Super Bowl Sunday Web Commercials Top Target for Cyber-Criminals
Cyber-criminals will be disguising malware and phishing scams as Super Bowl commercials and related advertisements to trick unsuspecting viewers, warned security researchers at PC Tools on Feb. 3.
The Super Bowl is never just about football, although there will be plenty, as the Green Bay Packers and Pittsbugh Steelers go head-to-head this Sunday at Cowboys Stadium in Arlington, Texas. It's also about the explosion of commercials, splashy Web campaigns and almost non-stop online chatter about the big game.
Attackers will exploit the interest with "record-breaking numbers of online threats and cyber attacks" designed to steal personal data or download malware, according to Eric Klein, a marketing manager at PC Tools, and Richard Clooke, a program manager at PC Tools.
"The Super Bowl is one of the biggest ad events of the year and advertisers focus on extensive online and social media campaigns," Klein told eWEEK.
The threats weren't new, as attackers have long been using fake ads and hacked video files as part of their repertoire of tricks, but there has been a significant increase in these tactics over the past few days, Klein said. The threats were also employing Super Bowl-specific images and language, he said.
Researchers cited a comScore survey from just before last year's SuperBowl where two-thirds of respondents said they planned to be online reading Super Bowl-related content. The numbers are expected to increase this year and there will be "more aggressive threats, scams and malware activity," according to PC Tools.
Attackers have begun "flooding" the Web with fake advertisements, Klein said. PC Tools researchers have seen an uptick in the number of advertisements for work-from-home scams, free iPad offers and gambling sites, Klein said. There were also a number of ads and fake Websites featuring cheerleaders or other football-related imagery and content to encourage fans to click on links they otherwise wouldn't have, he said. Those links may point to phishing sites that try to get users to enter personal identifying information or to malicious sites with drive-by downloads, he said. The sites may encourage users to download files, which may be scareware such as fake antivirus, Clooke said.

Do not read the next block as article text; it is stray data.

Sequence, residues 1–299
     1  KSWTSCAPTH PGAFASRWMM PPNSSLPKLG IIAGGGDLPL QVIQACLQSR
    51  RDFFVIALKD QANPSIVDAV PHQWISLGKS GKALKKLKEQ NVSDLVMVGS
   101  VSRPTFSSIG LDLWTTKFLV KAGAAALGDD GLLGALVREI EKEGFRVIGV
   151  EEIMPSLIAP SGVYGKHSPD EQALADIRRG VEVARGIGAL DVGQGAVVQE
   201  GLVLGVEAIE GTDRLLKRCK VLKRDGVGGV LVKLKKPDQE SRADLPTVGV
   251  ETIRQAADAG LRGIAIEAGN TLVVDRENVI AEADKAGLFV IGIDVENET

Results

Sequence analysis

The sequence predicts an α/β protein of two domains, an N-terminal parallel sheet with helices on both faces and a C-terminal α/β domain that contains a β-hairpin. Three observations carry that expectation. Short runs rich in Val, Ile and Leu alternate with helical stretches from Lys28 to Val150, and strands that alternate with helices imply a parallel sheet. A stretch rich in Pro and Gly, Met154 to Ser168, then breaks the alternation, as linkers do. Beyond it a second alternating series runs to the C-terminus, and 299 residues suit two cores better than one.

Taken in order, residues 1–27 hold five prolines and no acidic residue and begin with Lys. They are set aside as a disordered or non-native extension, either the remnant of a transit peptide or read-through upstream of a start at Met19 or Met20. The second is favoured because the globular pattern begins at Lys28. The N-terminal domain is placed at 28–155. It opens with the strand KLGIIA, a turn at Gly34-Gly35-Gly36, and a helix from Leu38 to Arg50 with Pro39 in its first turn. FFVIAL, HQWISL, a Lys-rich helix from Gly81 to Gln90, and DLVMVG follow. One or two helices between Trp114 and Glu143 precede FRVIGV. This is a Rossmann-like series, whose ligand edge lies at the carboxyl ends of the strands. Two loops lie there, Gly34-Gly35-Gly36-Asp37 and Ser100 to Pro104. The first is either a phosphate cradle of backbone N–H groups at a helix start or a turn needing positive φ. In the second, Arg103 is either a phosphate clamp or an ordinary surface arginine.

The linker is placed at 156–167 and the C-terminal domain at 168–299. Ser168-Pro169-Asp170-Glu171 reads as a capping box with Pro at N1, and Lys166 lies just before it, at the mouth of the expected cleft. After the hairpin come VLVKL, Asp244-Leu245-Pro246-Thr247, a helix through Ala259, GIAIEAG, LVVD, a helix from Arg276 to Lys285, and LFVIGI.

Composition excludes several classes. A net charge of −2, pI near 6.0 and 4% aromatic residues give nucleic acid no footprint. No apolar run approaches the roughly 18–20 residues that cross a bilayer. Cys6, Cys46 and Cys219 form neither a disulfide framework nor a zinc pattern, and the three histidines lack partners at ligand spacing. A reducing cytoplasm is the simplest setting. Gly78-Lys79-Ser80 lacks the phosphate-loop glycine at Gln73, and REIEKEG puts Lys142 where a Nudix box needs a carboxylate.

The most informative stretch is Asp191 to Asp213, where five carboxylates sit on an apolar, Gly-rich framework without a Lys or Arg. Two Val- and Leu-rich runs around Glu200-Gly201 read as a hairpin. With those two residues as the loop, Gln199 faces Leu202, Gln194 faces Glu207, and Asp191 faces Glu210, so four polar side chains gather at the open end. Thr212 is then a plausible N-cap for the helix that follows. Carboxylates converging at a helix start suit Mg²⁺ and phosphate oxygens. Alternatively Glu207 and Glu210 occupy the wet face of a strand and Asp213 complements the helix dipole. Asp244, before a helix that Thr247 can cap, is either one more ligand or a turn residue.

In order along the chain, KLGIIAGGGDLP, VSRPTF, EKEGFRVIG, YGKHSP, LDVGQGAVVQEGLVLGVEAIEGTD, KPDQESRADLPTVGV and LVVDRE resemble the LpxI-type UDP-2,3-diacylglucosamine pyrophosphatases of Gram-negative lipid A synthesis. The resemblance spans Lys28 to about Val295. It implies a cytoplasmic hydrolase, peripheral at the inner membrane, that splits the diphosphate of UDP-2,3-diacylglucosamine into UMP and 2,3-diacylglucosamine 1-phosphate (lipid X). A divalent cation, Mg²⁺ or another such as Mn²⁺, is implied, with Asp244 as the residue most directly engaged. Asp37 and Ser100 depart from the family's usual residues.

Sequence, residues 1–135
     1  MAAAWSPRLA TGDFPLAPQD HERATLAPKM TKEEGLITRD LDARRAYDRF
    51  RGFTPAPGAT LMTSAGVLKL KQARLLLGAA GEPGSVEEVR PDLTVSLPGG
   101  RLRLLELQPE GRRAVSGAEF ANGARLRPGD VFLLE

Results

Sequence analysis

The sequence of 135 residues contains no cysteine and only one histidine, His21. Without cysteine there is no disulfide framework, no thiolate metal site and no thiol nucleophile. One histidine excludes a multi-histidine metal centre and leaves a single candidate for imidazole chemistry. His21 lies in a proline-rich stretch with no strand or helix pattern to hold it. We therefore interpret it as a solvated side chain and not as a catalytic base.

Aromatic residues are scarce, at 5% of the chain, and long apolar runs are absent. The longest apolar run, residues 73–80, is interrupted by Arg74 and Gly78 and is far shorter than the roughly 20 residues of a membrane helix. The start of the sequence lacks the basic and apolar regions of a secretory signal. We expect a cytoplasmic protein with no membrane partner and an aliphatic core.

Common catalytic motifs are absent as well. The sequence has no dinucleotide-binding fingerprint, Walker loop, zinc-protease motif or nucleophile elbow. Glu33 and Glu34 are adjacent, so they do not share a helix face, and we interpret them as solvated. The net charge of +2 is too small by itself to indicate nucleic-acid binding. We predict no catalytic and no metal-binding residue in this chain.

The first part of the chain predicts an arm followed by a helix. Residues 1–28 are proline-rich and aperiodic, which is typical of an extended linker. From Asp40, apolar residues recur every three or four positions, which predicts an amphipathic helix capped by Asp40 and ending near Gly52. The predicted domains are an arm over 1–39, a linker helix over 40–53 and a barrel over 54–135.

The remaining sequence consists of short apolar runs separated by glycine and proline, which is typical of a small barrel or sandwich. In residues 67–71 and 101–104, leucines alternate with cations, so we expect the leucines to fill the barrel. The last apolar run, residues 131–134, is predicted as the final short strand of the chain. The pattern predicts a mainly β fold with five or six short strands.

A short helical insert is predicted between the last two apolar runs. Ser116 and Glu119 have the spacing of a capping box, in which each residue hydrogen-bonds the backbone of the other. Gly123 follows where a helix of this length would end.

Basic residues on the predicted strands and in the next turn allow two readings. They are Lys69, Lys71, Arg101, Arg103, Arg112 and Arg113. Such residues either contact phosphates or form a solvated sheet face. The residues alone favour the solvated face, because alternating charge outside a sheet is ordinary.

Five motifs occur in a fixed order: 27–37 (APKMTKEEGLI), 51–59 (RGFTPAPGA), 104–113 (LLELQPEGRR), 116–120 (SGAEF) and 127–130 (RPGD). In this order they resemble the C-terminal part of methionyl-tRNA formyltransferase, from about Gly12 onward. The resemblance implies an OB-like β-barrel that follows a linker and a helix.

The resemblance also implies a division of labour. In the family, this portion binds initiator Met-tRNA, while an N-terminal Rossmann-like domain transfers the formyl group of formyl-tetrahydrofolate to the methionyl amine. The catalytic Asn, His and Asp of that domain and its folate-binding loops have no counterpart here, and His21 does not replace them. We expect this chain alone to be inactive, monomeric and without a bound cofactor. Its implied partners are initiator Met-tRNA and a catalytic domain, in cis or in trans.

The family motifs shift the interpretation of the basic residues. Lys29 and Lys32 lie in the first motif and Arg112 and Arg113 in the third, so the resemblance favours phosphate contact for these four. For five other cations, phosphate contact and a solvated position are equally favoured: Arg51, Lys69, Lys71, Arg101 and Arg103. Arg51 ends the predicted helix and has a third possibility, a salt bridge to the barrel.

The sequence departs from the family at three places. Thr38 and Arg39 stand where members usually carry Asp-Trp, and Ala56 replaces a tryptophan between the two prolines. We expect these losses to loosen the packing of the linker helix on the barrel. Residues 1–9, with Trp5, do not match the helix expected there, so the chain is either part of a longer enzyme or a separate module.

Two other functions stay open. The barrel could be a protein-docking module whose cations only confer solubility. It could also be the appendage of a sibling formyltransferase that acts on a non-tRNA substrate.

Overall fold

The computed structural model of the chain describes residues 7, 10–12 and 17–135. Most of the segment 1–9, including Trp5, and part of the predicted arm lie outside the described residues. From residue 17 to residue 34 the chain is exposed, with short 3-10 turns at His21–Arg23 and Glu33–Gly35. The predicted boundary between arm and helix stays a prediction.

Many users are searching online to see sneak previews of Super Bowl commercials, or watching online campaigns by various advertisers. On legitimate video-sharing sites like YouTube, or even on fan sites, they may encounter follow-up comments promising a full version of the commercial, or other funny and cool things to check out. With the proliferation of URL shorteners, it's hard to tell when a link in the comment is malicious, Klein said. Clicking on the links may take users to a text page that doesn't seem to be relevant, while a malicious script executes in the background, according to Klein.
Attackers are also taking advantage of flash exploits, Clooke said. When users click on links to see a video, they may actually come to a page with a video player. The user may be asked to install a "more recent" version of the software, which is actually malware, he said. They may actually view a hacked Flash file and it may be triggering exploits in the background while running. PC Tools researchers saw a variation where the player crashed while playing the hacked video, and caused the entire computer to stop working.
PC Tools researchers recommended users make sure they already have the most up-to-date version of the Adobe Flash player and other software, as well as making sure their security product is up-to-date before going online.
Spammers and hackers often take advantage of major media events such as the Super Bowl to target users, according to security researchers. For example, the Website of Dolphin Stadium was hacked prior to Super Bowl XLI in 2007. Visitors to the site ended up downloading a host of malware on their computers.